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Winter Survival Tip for Summer Grill Masters – Beer Mustard!

Winter temps are dropping across the land and this probably causes outdoor cooking angst for those who consider themselves grill masters! Yes, some will trek to the grill or smoker no matter how deep the snow is or how cold the temperature may drop. This is especially true for die-hard tailgate fans watching NFL playoff football. But, for many others… it’s just to dang cold to fire up the charcoal or gas in order to grill a couple of burgers or steaks when you can cook inside or dine-out. So, what’s a grilling junkie to do? You can either go for it and invest in a heavier coat… or, try some new things in the kitchen that can be moved outside when the temperature rises! Even if it’s just one warm day in the middle of January or February. Here’s my suggestion for surviving the winter season – turn your attention to a dish you’ve always wanted to try but were afraid to do for a crowd. Chances are your outdoor cooking parties are limited so a first shot a new dish can be cooked, taste tested and perfected before you next official cookout party with guests. Take on a few quick and easy recipes that can be easily tweaked for both indoor and outdoor use. I like trying to perfect new sauces or rubs during the winter, so I can serve them up in the Spring and Summer months. Here’s a suggestion to get you started starting with a tasty mustard that would be perfect for hot dogs and brats broiled in the oven for the Big “Super” Game! Homemade Beer Mustard Making your own mustard is easier than you may think. It’s a simple four step process that requires added time for the finished mustard to rest. You need some mustard seeds and liquid. Most people use a combination of vinegar and water. Here's where you can begin to play with things. Beer can replace the water! Here's the four basic steps: They are the same if you are using water, beer, wine, etc. as your liquids. Step 1 – SOAK your mustard seeds with enough liquid to cover the in a covered, non-reactive bowl. Soak for 2-4 days in the fridge. Check every day or so and stir slightly. Step 2 – BLEND the soaked seeds in a blender or food processor. Short bursts produce a chunkier mustard. Longer makes a creamier mustard. Step 3 – FLAVOR your mustard using additional ingredients. How about [...]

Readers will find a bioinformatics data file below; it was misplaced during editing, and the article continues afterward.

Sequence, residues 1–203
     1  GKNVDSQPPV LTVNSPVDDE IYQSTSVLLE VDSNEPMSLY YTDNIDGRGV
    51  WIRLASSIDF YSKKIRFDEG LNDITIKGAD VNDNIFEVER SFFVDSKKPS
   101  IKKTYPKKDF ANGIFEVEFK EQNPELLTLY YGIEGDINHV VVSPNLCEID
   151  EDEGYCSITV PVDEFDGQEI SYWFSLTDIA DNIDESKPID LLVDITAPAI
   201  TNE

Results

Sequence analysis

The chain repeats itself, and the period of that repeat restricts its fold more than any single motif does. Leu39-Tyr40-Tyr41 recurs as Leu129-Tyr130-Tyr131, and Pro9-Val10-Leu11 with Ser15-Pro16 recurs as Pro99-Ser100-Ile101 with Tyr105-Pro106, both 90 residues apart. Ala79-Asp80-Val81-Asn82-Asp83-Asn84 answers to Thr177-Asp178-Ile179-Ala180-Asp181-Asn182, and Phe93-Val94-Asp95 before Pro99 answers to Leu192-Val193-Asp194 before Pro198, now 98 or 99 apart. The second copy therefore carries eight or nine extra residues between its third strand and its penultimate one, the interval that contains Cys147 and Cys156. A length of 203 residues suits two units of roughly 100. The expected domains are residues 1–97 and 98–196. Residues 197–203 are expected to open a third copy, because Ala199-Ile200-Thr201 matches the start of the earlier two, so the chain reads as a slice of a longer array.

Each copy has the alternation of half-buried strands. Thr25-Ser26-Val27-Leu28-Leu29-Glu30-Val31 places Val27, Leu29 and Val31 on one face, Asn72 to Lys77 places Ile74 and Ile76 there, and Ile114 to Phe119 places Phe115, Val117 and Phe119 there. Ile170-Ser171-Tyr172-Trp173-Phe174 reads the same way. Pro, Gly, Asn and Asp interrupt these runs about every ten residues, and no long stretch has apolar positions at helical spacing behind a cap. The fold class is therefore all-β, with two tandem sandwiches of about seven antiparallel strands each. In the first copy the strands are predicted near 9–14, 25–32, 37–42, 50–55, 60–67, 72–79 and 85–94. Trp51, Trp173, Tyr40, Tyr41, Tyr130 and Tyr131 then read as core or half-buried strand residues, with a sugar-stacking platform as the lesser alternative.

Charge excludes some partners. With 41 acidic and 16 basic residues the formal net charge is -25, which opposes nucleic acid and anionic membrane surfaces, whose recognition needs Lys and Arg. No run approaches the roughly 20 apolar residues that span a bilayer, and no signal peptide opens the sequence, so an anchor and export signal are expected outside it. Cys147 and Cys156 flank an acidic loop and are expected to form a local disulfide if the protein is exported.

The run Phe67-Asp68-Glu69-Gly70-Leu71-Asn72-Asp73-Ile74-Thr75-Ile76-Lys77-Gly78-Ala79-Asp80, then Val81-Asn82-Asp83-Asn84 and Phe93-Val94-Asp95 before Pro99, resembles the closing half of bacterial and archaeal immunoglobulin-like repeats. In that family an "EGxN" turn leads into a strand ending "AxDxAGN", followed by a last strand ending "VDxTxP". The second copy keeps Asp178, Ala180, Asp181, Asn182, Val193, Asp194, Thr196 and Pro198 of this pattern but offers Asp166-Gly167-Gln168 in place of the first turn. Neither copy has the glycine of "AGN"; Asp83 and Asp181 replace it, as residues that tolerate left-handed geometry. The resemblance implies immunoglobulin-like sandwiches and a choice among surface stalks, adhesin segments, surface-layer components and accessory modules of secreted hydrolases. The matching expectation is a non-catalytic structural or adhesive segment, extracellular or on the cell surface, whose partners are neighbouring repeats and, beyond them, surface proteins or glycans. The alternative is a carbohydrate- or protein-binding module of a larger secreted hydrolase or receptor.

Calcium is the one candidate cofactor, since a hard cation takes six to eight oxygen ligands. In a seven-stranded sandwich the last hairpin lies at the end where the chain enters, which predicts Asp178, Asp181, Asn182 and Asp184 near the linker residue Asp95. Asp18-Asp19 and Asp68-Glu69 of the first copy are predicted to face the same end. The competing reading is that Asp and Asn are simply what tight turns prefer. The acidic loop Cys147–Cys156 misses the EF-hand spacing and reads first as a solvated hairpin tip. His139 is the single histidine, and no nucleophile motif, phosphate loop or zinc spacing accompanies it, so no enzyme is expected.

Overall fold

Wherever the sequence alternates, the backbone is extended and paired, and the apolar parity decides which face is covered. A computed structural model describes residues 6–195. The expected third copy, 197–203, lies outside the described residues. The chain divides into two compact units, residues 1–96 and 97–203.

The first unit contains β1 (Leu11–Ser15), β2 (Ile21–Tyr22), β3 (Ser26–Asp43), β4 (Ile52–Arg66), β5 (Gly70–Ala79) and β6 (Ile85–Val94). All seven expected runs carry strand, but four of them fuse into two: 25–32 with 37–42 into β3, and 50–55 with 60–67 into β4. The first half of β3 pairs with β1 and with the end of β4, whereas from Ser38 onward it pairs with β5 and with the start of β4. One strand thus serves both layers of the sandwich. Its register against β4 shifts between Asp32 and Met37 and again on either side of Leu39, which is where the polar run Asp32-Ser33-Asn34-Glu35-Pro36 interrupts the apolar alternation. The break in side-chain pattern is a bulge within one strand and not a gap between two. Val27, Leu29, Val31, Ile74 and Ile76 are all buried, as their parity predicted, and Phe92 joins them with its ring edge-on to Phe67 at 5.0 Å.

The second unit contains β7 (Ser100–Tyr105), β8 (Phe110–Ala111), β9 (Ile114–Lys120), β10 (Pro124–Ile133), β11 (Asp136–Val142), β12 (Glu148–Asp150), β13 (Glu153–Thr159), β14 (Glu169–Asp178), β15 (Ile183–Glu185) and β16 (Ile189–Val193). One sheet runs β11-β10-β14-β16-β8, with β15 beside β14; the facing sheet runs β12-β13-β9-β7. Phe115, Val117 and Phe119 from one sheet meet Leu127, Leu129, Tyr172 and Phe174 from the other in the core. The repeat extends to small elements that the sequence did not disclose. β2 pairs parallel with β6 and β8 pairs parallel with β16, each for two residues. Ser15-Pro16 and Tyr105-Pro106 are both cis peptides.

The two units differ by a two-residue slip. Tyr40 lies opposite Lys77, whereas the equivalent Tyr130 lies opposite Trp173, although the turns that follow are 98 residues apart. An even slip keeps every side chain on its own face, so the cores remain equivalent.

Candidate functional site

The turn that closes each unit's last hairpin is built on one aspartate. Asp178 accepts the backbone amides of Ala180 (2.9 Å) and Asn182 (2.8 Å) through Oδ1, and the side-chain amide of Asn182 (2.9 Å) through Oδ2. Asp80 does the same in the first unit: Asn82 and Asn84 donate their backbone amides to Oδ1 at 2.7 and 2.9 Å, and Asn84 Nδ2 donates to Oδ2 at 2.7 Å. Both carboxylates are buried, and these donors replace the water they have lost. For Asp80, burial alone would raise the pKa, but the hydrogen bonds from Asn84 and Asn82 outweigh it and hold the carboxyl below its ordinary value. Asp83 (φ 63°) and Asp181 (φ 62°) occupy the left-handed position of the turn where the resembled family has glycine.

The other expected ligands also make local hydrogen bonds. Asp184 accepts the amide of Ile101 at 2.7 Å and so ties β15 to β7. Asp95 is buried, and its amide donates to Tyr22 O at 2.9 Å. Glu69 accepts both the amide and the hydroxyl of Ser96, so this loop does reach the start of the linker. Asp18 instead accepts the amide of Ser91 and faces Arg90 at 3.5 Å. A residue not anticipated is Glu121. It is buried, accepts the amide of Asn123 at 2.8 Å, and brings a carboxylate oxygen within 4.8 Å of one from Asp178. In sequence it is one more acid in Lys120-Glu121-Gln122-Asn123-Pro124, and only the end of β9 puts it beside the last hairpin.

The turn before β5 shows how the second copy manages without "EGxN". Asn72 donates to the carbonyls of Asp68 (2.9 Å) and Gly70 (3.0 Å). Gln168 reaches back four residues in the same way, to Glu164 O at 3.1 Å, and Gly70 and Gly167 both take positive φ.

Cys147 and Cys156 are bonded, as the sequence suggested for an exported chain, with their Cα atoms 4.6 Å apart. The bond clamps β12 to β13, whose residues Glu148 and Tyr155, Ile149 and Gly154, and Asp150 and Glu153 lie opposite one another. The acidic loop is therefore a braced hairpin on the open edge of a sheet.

By |2019-03-13T21:51:37+00:00January 15th, 2019|BBQ, Beer|0 Comments

Bratwursts – Just in Time for Football Tailgates!